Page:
By JOSEPH TINTLE
Every neighborhood has at least one wild neighbor. Ask Seth Rogan or Justin Bieber. Rogan makes films about nutty neighbors and Bieber is the nutty neighbor.
But right now I’m thinking about a real doozy I once knew. Twenty-two years ago when my son, Kieran, and his friend, Greg, decided it would be a great idea to cover my new car with dirt, I chased them away, cranked up the hose, and started to wash my Toyota Corolla. What resulted was a two-inch wide stream of chocolate-colored water trickling down our newly-paved road.
My neighbor spotted this miscue of mine and came huffing and puffing up the street. She hurled insults at me like former New York Yankees relief pitcher Ryne Duren hurled fastballs — all over the place. I stayed calm. After all, I couldn’t understand why she was so upset.
That same month–July 1993–the Mississippi River had flooded the entire Midwest. People in several states had lost their lives, their homes, even entire towns were swept into extinction. But my neighbor was far more concerned about a narrow stream of dirty water that was ruining the apparent pristine look of our street.
“What do you have to say for yourself, you idiot?” she shouted at me with her gravelly voice.
“Just this, lady,” I replied in a most Christian mannner. “Get off my property and don’t come back.”
Her eyes widened and she turned to leave, never to be seen again.
Perhaps my most interesting neighbor, though, was the one who lived by our family home in Morristown when I was 13. Two days after we moved into the house, she approached my mother and father and said that her cat had been kidnapped and that I had driven it to Livingston, New Jersey, some ten miles away. Now remember: I was 13. In New Jersey, one needs to be 17 to drive.
My father dismissed her ramblings with a laugh, but my mother was not cracking a smile.
Two months later our phone rang at night and this woman was on the other end.
“Joey,” she said to me, “I can see you in your pajamas with my binoculars.”
She laughed hysterically and hung up.
“I told you about her,” my mother said to my father.
To give you an idea where our neighbor was coming from, she also enjoyed hosting barbecues in the fall and often invited the entire neighborhood. Those who did not live near her to witness her antics year-round attended, but after two or three invitations they knew better than to return.
This woman used to pile up the grill with unlit charcoal, toss several hamburgers onto the metal tray, then grab a can of gasoline from the garage. She then laced the burgers and charcoal with gasoline simultaneously and struck a match.
Those burgers sure cooked up fast. She was dishing out a dozen or so within ten minutes. Talk about flame broiled!
One time I was walking through her yard during one of her cookouts and I surreptitiously hung a sign by her grill that read: HIGH-OCTANE BURGERS: 33-9/10 cents. (Such was the price of gas in 1967).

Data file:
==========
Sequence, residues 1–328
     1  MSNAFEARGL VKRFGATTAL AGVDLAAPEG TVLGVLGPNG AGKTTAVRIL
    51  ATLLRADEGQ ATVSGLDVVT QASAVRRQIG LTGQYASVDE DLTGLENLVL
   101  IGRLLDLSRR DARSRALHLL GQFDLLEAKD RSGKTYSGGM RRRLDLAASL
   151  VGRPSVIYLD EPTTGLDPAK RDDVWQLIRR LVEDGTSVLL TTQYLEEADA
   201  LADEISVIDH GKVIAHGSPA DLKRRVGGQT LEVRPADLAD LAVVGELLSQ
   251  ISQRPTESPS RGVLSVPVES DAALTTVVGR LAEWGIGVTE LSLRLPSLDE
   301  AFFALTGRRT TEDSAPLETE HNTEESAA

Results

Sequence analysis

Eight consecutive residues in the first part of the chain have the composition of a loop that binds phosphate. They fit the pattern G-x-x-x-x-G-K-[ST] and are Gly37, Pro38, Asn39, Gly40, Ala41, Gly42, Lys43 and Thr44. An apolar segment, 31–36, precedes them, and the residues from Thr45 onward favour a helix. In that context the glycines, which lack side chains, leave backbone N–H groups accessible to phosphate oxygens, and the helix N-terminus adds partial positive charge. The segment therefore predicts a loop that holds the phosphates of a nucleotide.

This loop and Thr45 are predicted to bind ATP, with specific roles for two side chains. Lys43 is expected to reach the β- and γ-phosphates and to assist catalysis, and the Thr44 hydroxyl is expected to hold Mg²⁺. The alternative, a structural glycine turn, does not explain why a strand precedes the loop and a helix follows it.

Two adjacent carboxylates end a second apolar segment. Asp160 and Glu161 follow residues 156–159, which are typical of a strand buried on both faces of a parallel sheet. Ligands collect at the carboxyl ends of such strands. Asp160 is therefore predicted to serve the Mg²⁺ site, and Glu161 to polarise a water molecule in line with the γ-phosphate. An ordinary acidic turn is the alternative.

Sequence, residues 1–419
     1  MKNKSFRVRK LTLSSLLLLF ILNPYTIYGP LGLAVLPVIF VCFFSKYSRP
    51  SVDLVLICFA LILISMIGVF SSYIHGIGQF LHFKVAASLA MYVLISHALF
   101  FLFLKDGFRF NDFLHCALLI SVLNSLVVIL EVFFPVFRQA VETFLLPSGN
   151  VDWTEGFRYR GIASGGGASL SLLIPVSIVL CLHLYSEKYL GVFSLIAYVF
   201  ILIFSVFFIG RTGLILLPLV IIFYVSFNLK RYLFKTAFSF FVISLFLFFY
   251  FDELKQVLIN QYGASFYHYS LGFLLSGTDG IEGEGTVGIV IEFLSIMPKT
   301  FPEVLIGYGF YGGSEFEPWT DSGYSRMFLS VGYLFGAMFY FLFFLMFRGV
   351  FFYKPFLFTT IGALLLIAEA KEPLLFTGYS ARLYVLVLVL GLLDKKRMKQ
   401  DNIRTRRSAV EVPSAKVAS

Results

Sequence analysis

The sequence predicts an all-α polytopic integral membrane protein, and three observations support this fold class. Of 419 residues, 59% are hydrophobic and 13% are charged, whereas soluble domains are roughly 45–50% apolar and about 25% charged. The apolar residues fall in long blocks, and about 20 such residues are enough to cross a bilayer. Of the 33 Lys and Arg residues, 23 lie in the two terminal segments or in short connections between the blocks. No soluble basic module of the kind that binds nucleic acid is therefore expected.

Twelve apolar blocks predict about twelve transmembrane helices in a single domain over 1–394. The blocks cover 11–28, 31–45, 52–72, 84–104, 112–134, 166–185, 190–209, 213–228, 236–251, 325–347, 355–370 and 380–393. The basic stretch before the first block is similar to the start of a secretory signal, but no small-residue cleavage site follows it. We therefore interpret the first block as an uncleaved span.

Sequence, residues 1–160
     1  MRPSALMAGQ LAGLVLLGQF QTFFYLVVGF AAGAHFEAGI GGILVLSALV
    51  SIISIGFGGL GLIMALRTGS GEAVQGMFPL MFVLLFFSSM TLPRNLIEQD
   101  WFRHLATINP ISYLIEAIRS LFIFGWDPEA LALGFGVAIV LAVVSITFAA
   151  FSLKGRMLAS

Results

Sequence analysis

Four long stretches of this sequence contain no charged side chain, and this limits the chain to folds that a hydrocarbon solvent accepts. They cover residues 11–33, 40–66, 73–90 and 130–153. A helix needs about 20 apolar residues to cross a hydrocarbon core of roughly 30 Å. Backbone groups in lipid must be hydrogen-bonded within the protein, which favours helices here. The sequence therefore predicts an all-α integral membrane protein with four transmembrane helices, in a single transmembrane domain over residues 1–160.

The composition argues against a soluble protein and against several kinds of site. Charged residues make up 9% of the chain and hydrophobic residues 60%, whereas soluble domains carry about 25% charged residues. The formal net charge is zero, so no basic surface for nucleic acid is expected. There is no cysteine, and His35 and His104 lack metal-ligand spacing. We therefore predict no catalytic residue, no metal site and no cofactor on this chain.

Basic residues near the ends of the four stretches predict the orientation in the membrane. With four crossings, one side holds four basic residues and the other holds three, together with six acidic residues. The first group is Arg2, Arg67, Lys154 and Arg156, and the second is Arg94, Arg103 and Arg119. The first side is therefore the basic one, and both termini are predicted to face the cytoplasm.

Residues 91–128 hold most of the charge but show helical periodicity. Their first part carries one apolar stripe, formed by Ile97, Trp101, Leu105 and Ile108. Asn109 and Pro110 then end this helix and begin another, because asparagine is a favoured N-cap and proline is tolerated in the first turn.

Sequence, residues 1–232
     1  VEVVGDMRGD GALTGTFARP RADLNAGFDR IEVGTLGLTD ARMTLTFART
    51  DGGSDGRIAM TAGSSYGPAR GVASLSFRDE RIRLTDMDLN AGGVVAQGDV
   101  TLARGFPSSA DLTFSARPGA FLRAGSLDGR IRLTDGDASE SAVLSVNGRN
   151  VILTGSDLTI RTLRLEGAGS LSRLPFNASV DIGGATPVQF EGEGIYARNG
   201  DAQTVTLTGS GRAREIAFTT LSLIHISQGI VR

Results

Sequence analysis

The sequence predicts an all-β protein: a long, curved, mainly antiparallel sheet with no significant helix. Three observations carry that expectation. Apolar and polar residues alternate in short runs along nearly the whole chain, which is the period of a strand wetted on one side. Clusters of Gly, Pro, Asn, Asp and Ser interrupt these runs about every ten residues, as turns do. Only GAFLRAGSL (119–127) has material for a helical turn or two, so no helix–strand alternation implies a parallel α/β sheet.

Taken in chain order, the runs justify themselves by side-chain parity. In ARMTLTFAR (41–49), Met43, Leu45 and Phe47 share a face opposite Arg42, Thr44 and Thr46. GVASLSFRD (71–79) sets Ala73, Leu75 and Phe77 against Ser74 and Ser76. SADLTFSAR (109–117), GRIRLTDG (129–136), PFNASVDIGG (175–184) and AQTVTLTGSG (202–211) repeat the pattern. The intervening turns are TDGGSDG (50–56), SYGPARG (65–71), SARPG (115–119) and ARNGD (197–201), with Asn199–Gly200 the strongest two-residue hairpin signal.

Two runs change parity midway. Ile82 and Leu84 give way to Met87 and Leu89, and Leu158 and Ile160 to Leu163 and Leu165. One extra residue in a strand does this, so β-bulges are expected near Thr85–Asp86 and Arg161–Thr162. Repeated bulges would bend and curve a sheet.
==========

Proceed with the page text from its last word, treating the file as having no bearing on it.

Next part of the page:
Eventually I decided to get back at her big time. Year after year whenever she’d come out of her house carrying a massive plate of food to her barbecue, I’d dial her house phone. She’d drop everything, go in the house, walk up the steep stairs to her living room and answer the call. Of course, just as she picked up the receiver, I’d hang up. Then she walked downstairs and outside again, and as she took a few steps away from the house, I’d ring the phone again. Up the stairs she went to the living room. And, like always, I’d hang up.
I did this dozens of times and never once felt a twinge of guilt. The expression “Payback is a bitch” did not exist at the time, but it was payback and for her it was a bitch.
Our family also lived near another curious family. One day I was sitting by their driveway and I was doused with a wet substance that came from a bedroom window. No sooner did I realize that I had just been soaked with gasoline than one of the boys living there came charging out the front door brandishing a lighter. I took off and he never got near me. But he’s changed his ways since then. He has become the fire chief of his current home town.
Years earlier we lived in Middlesex County near two notorious brothers, Carl and Frank. Clearly they had issues when it came to associating with people of the Earth. One time they took on the sons of a law enforcement agent and beat them to a pulp. Pulp may be too mild a word because the cop’s kids walked away from the fight having their faces bashed against rocks.
Twenty years later, one of the bully brothers actually was decapitated in a car accident. The remaining brother lived at home with his mother who died one August. Oddly, the son did not report the incident and instead let her body rot on the sofa. It wasn’t until a neighbor “sniffed something funny in the air” that police were called to the home. She had died of natural causes, but her son was too petrified to call the police.
That incident prompted my mother to instruct my father to find us a another house in another town within two weeks because she was pulling up stakes.
My father, a former newsman who knew all about deadlines, did better than two weeks. Six days later he was signing papers for a new home at Kimball-Coleman Realtors in Chatham, N.J. My mother could not have been happier. That is until two days later when she met her new neighbor. You know, the woman who said that my mother’s 13-year-old son — me — had kidnapped her cat and driven it ten miles away.